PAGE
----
Speaker design software requires the Thiele-Small parameters (or the physical parameters, which can be converted to T/S params and vice versa) of the driver to be known. These parameters can be taken from the mannufacturer's datasheet, if present. If not, they can be measured, utilizing a computer with a full-duplex capable sound card (today, most are), an inexpensive jig and a software like Speaker Workshop (free, available at http://www.audua.com/). Note that drivers need to be broken in before measurements are performed; the suspension is often too stiff when the drivers come out of the factory. It is said the drivers will settle down to their final parameters after being played at significant power for 24 hours (some even say 48 hours). The break-in period may be distrubuted of several days. Neighbours have a tendency to disapprove of speaker operation at night, especially if done "at significant power".

What means "significant power" anyway. Good point. It means that driver moves enough to excercise the suspension. As the driver may not even sit in an enclosure while it's being broken in, it may yield strong excursion at relatively low power. Care should be taken not to exceed the limits.


Anyway, you asked about how to measure or calculate the power handling capabilites of the driver. There is a way which can help you to get a rough estimate of the thermal power handling capability. You need a multimeter (to measure resistance, voltage and perhaps current) and an adjustable voltage source with enough power to drive the driver to it's (not yet known) limit. For a very small driver, an adjustable DC "wall-wart" may suffice.

First, measure the DC resistance of the driver at room temperature (20°C). You receive a reading which we'll called R20. Assuming that the voice coil is made of copper (most are, nowadays) and the the driver can safely sustain a voice coil temperature of 70°C, we calculate R70 = ((0.0039 * 50) + 1) * R20. Or R70 = R20 * 1.195. For example, a typical home speaker (with "8 Ohm" witten on the back, which is not the DC resistance!) with a DC resistance (R20) of 6 Ohm will have a R70 of 7.17 Ohm.

Now start a measurement series with increasing DC voltages accross the driver. Apply the voltage, measure it (if the DC source isn't calibrated/stabilized), wait for 10 minutes or so (assuming that this time span is suffcient to reach thermal equilibrium) and then detach the voltage source and immediately measure the DC resistance of the voice coil before it cools down again. If the measured resistance is close to the calculated R70 (or exceeds it), stop your measurements. Otherwise, start a new measurement with a slightly higher voltage.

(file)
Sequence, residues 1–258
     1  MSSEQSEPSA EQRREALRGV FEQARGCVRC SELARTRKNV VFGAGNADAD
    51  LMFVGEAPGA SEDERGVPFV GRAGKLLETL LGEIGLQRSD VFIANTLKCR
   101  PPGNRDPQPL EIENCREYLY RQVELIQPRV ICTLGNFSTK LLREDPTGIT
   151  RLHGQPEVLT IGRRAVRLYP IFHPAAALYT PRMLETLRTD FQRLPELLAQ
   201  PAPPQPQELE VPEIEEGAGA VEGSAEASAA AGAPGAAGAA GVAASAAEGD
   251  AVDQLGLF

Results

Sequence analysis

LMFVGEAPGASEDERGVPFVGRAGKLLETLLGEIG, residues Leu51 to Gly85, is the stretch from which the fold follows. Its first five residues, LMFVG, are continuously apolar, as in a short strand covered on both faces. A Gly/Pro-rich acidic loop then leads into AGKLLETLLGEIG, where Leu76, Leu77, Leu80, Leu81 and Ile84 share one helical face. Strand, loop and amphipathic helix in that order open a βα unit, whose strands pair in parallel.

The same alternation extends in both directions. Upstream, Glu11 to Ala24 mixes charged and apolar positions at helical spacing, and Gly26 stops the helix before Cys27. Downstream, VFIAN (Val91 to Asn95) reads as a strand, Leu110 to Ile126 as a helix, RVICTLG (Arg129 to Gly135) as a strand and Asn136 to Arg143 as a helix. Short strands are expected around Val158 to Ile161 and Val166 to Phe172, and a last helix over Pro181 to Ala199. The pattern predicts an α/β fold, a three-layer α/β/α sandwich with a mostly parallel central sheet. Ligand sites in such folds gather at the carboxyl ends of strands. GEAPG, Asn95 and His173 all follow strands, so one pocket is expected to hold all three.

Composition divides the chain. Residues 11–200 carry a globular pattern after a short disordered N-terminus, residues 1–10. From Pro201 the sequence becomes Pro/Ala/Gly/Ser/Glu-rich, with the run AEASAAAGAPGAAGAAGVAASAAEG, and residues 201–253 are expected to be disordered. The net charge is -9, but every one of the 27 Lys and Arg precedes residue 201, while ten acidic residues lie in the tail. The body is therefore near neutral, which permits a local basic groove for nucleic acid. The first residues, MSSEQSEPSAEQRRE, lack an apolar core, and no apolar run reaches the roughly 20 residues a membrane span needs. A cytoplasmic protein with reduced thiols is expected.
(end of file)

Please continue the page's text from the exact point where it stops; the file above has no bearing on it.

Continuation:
Now, you've found some voltage limit, but you want a power limit. Easy: square the voltage (U70) and divide it by the DC resistance, and you got the thermal power handling in Watt. P = U70 * U70 / R20.

Note that you may not need to use R70 as a target, R40 may suffice as well. This has the advantage of bot getting as close to the arbitraryly chosen temperature limit of 70°C. R40 = ((0.0039 * 20) + 1) * R20, or R40 = R20 * 1.078. The actual power rating (to reach 70°C) will be 2.5 times the power required to reach 40°C.
vahakn wrote:I would like to have 8 chains of 10 speakers.
meaning I need 8 mono amps or 4 stereo amps

Apparently, you want to design a line array. A vertical line array (drivers stacked in a tall column) provides good horizontal coverage and increases efficiency by "beaming" vertically. The vertical beaming means that the center of the driver array should be at ear level.
vahakn wrote:I am also trying to work out what would be the best shape horn / sound box for these little drivers

Sometimes line speakers are built as dipoles (http://en.wikipedia.org/wiki/Dipole_speaker). These have the problem of generating large excursions at lower frequencies (and not producing any sound at low frequencies). If the baffle is 1 meter (~40 inch) wide and extends for 0.5 meters above and below the driver array (or until it reaches floor or ceiling), the low end of the usable frequency range will be 160Hz. The speaker should be operated though a crossover to prevent it from attempting to reproduce lower frequencies (which would probably exceed the mechanical limits, and contribute very little audible sound).

If you know the Thiele-Small parameters of the drivers, you can attempt to design a sealed or vented enclosure. This might yield a visually more pleasing speaker.

Best regards, Klaus
Klaus Stock